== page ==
"The (guards) tore the Quran to pieces in front of us, threw it into the toilet," former detainee Aryat Vahitov told Russian television in June 2004.
Dozens of detainees -- including four British Muslims -- have said Guantanamo Bay detention officials and military guards engaged in widespread religious and sexual humiliation of detainees. Detainees said the goal was to make them feel impure, shake their faith and try to gain information.
Against these reports, the Newsweek retraction is seen with scepticism by many who believe that the magazine was pressured into issuing it.
In the minds of many, the Newsweek episode is no longer relevant since they are convinced that the US is capable of doing much more than desecrating the Holy Quran and that the source of their anger.
In its retraction statement, the magazine said the unnamed Pentagon source was no longer sure that he had read an investigation report detailing the alleged desecration.
"Based on what we know now, we are retracting our original story that an internal military investigation had uncovered (Holy Quran) abuse at Guantanamo Bay," said Newsweek. It left open the possibility that the Pentagon source had indeed read about the incident in another document.
In any event, the damage was already done, as the Defence Department spokesman, Lawrence DiRita, observed in an explosive remark when told what the source had said: "People are dead because of what this son of a bitch (the unidentified Pentagon source) said. How could he be credible now?"
How many people died? 17. And why? Someone made a "mistake" and saw something in a confidential report that was not there.
American commentators have gone to town with DiRita's comment, but their approach is far sharper than DiRita's.
They point out to emerging evidence that the Bush administration had decided to invade Iraq shortly after the Sept.11 attacks and began fixing intelligence to suit the purpose and to make the American public believe that Saddam Hussein posed a serious threat to the US and its allies. Recently leaked minutes of a July 2002 meeting between Prime Minister Tony Blair and his closest advisers show that the head of the intelligence agency MI6 reported after talks in the US that Bush had decided on war and that "the intelligence and facts were being fixed around the policy."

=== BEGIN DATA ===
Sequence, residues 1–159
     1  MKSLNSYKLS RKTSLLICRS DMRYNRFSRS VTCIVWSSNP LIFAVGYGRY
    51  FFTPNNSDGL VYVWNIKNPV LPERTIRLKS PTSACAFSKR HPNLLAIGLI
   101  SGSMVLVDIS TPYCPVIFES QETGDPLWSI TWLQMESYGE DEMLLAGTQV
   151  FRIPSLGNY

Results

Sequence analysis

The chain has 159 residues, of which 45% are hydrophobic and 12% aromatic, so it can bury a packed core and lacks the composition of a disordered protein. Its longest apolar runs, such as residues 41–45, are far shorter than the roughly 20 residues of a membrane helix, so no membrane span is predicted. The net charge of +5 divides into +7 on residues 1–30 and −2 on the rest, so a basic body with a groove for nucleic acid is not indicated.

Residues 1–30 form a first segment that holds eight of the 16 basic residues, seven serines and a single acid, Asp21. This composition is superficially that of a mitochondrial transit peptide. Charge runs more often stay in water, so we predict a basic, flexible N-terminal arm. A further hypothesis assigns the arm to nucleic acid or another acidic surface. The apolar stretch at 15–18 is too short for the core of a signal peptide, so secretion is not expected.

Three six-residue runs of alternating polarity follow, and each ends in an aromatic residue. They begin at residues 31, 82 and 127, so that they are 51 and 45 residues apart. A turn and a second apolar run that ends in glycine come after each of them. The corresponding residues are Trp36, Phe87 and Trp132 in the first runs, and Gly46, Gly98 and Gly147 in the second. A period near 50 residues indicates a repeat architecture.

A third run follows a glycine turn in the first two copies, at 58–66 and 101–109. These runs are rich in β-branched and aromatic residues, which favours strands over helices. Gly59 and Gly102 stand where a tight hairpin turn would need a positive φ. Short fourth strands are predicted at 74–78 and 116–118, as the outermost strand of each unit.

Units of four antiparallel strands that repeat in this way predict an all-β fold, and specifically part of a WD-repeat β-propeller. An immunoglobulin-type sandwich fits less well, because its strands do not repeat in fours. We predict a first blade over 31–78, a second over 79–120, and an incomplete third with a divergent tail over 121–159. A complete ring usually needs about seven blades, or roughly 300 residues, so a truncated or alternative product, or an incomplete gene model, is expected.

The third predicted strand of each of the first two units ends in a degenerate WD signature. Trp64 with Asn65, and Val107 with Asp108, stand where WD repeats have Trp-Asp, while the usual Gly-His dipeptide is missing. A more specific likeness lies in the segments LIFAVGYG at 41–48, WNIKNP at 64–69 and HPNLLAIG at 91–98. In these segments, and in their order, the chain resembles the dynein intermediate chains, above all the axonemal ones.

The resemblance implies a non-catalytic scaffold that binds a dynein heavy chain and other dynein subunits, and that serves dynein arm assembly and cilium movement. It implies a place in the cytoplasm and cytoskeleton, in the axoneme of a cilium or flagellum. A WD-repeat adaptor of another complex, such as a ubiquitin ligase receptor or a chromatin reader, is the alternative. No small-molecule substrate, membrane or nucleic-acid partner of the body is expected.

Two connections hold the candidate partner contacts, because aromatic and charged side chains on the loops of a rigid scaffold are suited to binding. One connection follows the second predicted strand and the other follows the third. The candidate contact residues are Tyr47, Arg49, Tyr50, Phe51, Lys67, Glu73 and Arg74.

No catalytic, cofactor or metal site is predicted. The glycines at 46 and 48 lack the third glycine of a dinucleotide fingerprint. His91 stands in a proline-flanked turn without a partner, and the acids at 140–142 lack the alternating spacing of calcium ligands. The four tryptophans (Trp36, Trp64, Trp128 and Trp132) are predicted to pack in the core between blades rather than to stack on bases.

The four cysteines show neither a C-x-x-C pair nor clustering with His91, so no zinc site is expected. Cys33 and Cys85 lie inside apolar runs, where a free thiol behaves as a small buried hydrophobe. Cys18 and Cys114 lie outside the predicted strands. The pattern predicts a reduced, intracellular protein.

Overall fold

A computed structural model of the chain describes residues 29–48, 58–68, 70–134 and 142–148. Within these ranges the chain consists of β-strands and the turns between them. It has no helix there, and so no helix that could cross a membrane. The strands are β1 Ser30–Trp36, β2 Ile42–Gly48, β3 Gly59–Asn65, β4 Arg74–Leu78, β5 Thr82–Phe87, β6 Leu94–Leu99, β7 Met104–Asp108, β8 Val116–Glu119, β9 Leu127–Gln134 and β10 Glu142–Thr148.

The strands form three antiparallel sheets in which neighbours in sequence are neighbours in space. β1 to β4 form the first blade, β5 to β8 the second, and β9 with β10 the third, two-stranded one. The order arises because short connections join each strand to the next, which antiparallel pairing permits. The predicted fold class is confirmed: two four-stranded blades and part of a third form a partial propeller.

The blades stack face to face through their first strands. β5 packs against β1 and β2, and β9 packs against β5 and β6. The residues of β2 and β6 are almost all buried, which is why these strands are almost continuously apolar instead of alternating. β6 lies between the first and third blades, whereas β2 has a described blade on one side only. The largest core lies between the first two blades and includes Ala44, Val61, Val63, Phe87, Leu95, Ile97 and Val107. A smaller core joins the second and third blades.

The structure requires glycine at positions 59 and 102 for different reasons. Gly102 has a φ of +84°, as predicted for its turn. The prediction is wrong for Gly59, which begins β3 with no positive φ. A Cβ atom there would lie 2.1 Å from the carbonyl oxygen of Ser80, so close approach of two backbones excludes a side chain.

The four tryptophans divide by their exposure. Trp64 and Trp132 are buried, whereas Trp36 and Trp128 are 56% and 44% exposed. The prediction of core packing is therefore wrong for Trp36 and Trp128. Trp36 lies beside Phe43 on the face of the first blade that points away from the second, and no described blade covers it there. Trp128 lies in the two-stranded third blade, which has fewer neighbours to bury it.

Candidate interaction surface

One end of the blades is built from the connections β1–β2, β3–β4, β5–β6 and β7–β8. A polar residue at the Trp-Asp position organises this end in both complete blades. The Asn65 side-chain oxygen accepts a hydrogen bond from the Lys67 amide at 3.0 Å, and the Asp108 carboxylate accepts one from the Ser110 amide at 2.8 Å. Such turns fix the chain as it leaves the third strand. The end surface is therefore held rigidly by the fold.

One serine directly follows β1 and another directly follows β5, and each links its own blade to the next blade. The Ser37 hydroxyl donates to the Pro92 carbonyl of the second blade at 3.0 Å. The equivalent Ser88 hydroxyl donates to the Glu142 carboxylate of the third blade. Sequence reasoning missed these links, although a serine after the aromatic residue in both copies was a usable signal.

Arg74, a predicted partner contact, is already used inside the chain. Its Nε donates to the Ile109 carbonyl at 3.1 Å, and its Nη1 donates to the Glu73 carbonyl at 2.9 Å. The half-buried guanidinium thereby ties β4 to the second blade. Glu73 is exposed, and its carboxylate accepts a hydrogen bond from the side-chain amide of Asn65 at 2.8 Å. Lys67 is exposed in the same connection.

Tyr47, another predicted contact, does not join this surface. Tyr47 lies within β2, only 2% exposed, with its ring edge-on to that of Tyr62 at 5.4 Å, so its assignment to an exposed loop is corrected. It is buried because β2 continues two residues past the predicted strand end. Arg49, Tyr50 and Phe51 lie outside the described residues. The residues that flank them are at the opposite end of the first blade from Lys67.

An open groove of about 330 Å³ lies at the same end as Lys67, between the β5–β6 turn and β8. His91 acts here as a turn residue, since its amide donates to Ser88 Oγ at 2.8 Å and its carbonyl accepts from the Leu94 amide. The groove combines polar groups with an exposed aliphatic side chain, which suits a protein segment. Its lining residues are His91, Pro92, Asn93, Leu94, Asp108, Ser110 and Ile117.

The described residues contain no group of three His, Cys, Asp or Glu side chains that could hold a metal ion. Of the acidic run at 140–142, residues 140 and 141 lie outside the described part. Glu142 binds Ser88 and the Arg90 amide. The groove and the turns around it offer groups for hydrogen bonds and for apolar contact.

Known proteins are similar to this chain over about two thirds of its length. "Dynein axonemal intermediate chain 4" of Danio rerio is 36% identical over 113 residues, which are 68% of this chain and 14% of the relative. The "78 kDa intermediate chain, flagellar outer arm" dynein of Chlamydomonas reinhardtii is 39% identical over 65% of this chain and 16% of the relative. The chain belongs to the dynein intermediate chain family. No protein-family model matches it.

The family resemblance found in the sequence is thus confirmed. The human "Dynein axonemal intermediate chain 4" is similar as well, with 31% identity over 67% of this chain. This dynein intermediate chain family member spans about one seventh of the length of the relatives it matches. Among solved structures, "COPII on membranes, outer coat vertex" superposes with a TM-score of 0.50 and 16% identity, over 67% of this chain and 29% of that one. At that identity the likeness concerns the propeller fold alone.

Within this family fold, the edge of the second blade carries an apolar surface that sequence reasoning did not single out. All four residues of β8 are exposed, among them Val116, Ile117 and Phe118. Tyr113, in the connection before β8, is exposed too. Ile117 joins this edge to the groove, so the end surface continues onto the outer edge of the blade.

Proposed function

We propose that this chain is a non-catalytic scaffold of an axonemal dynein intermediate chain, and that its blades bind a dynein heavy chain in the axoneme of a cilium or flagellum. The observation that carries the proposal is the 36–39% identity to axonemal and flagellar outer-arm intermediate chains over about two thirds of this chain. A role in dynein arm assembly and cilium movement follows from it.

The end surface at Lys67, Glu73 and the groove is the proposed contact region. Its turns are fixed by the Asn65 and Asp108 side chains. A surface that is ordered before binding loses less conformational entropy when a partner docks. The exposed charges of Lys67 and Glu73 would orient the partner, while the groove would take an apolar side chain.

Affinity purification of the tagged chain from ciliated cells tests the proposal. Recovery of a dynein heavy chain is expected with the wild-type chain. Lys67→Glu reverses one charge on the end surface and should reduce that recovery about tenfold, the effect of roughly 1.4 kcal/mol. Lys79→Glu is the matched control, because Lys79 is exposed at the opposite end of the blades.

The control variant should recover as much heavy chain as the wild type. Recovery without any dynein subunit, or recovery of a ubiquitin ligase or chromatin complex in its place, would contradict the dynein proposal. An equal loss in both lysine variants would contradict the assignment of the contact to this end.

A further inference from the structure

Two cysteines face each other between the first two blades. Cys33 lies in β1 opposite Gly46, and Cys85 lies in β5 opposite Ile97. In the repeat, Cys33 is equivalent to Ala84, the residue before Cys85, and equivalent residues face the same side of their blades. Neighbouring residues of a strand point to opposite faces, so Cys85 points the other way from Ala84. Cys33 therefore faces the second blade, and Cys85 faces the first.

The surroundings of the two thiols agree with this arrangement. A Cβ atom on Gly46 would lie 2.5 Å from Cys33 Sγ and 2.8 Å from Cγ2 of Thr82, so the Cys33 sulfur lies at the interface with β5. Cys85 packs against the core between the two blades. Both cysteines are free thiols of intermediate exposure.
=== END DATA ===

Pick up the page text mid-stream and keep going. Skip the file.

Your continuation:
A part of the leaked document -- Secret and Strictly Personnel: UK Eyes only -- says: "Bush wanted to remove Saddam, through military action, justified by the conjunction of terrorism and WMD (weapons of mass destruction). But the intelligence and facts were being fixed around the policy. The NSC (National Security Council) had no patience with the UN route, and no enthusiasm for publishing material on the Iraqi regime's record. There was little discussion in Washington of the aftermath after military action."
Another paragraph says: "It seemed clear that Bush had made up his mind to take military action, even if the timing was not yet decided. But the case was thin. Saddam was not threatening his neighbours, and his WMD capability was less than that of Libya, North Korea or Iran. We should work up a plan for an ultimatum to Saddam to allow back in the UN weapons inspectors. This would also help with the legal justification for the use of force."
How many people died in the Iraq war and since then in that country? Between 30,000 and 35,000; and dozens more are dying every day.
And why? Someone somewhere lied in order to serve Israel's interests by going to war against Iraq.
Now, what did the White House have to say about the Newsweek episode?
"The report has had serious consequences," said White House spokesman Scott McClellan. "People have lost their lives. The image of the United States has been damaged abroad."
Well, the one question that McClellan would not like to be asked is:
What is the status of the US image around the world, given the old/fresh revelations that the Bush administration doctored intelligence reports in order to justify the war against Iraq, a war which British Member of Parliament George Galloway rightly described as being based on a "pack of lies?"
Newsweek had the decency to admit that it could have got the story wrong and express regret over its consequences.
Can that be said about the Bush administration over its deception?